When John Baird was young, the only gay bar close to his hometown in northern Mississippi was burned to the ground. Since then, he has dedicated his life to finding and building LGBTQ community.

Raised in Appalachia during the Cold War, John felt isolated from his peers and family members because of his effeminate mannerisms. John left the South in the mid-1980s and moved to California during some of the darkest days of the AIDS crisis. Unable to find affordable housing, John lived in The Hollywood Spa, a gay bath house. He turned to sex work to survive, which led to an IV drug addiction. Determined to get clean, John struggled for a year before he was able to find the community and activist work that set him on a better path.

During his early years in California, John was struck by how ostracized he felt. He had expected to walk into the arms of a welcoming and loving community but was saddened to find prevalent racism and misogyny.

“This shocked me because I had never thought there was discrimination among LGBT people,” John remembers.

This early understanding of the discrimination within the LGBTQ community and his own HIV diagnosis led John to a life of activism. After fighting his addiction, John joined ACT UP in its formative years, working to bring recognition and resources to people living with HIV/AIDS. A few years later, John joined the Sisters of Perpetual Indulgence and has served the LGBTQ community as Sister Penny Coastal for almost thirty years.

John explains her work as Sister Penny Coastal with the Sisters of Perpetual Indulgence as centering community outreach about Sexually Transmitted Diseases and promoting Pre-Exposure Prophylaxis (PrEP). “I do this outreach in a non-judgmental fashion using humor to get people to think and be responsible for not only their own lives.” She also created youth fashion shows that empower young trans, non-binary, and gender non-conforming members of the Bay Area to be themselves and build community.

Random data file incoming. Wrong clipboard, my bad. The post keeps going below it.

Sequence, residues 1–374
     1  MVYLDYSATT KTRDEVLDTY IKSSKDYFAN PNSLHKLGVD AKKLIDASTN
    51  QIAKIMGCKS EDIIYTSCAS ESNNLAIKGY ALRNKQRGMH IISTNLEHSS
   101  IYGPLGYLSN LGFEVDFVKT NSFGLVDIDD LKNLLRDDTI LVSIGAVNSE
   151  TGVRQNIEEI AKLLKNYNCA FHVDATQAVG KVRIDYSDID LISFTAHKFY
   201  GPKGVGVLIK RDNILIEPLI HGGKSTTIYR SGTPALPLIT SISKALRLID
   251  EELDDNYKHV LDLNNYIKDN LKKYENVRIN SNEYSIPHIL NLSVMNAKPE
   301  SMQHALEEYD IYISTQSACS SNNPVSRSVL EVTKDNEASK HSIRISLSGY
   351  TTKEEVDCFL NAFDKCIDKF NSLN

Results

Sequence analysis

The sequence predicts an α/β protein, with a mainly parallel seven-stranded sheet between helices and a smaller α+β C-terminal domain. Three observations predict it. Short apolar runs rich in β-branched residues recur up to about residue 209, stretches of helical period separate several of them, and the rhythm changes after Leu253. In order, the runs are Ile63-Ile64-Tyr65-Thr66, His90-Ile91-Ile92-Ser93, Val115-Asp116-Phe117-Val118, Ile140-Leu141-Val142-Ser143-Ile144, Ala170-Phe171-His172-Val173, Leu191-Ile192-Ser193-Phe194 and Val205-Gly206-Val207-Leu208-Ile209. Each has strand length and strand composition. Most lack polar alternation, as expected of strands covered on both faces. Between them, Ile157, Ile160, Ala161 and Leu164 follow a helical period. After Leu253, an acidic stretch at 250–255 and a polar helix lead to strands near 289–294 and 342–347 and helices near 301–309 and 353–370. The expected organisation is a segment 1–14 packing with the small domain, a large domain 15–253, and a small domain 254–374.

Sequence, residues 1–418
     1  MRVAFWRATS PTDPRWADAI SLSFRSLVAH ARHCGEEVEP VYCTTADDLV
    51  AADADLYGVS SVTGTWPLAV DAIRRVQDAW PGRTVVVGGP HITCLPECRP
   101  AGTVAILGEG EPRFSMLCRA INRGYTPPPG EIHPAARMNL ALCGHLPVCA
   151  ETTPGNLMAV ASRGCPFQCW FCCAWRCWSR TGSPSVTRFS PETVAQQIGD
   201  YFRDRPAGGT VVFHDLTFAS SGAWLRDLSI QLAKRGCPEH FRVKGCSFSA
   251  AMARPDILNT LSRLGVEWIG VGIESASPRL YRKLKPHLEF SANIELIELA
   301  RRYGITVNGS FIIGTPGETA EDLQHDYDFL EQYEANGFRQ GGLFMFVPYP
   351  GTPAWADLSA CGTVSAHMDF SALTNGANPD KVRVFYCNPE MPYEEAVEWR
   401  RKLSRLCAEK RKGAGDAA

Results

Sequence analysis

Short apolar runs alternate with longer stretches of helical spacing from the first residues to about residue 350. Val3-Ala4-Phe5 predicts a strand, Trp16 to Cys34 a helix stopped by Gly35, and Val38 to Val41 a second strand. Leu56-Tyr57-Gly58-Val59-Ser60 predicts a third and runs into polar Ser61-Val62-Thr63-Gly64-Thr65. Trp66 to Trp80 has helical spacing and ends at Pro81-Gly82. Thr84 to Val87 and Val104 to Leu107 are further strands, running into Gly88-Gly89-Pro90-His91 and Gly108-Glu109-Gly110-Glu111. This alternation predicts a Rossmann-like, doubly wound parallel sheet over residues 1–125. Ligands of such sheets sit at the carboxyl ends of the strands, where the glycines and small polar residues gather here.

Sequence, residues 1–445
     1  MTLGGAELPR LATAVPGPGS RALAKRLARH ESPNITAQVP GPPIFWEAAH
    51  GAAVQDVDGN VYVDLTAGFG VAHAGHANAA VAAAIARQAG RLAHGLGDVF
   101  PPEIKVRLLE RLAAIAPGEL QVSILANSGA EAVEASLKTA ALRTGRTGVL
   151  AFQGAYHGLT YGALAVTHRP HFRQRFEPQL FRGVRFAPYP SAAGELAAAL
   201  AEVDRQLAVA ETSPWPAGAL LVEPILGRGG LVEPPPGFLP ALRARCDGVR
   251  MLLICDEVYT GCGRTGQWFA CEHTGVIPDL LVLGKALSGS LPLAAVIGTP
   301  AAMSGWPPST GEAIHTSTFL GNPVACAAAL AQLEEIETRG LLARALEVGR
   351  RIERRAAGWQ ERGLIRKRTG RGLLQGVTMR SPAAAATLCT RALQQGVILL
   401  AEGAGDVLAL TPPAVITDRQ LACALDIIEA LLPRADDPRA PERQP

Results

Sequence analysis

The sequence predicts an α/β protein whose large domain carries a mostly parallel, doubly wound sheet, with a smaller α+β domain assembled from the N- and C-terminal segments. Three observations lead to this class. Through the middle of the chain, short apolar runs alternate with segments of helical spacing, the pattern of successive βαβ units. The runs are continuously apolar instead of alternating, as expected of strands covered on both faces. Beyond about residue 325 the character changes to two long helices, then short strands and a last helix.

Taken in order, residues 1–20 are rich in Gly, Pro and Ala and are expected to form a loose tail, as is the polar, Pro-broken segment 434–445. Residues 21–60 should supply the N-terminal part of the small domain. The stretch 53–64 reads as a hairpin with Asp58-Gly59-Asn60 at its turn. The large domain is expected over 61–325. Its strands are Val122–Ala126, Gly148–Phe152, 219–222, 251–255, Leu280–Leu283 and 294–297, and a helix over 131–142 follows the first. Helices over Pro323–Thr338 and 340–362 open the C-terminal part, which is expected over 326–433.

John’s work with the Bay Area’s LGBTQ community spans decades, but she knows there is still more to do. Graduating from San Francisco State University this May, John is already looking forward to graduate school. He will graduate with a BS in Public Health and hopes to further statistical health research in the LGBTQ community. “While writing research papers about our community, I was shocked at the lack of statistics on us…this is unacceptable and left a burr in my bear paw.”

John is exemplary of LGBTQ leaders who found their calling because homophobia and transphobia prevented them from following the usual path to success. As a soon-to-be Point Scholar college graduate in his late fifties, John asks us to remember: “It’s never too late to be the person you always knew you were.”

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